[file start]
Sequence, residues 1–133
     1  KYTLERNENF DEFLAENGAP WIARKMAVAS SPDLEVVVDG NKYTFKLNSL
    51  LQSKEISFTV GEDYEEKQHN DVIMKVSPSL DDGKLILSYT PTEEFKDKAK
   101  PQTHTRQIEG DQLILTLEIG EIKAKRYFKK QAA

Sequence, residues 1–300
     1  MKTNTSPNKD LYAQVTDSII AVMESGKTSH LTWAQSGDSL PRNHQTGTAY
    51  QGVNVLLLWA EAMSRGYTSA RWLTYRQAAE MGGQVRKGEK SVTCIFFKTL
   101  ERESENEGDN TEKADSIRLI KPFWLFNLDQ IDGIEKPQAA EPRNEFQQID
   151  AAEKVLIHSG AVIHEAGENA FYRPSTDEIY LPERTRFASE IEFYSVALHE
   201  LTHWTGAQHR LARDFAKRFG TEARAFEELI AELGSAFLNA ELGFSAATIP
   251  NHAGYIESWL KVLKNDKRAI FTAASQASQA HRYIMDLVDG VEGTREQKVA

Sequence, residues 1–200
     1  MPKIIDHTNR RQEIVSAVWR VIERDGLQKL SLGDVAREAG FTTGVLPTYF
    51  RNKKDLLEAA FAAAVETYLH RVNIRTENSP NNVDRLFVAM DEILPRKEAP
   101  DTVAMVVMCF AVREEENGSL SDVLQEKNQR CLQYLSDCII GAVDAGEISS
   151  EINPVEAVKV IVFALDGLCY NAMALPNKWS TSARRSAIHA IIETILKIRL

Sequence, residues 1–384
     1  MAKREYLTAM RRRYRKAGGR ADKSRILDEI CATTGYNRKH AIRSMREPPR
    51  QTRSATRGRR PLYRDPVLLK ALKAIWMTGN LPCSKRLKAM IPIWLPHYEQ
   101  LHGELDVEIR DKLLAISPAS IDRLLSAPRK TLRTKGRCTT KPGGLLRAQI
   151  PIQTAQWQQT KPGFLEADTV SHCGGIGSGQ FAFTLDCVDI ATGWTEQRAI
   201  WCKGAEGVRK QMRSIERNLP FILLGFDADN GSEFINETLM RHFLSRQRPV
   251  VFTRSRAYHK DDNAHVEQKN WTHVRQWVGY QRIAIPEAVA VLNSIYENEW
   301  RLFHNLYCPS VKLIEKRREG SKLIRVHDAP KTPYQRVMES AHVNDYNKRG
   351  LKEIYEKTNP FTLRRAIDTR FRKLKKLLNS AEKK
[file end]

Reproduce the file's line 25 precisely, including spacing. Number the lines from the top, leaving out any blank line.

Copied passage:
   351  LKEIYEKTNP FTLRRAIDTR FRKLKKLLNS AEKK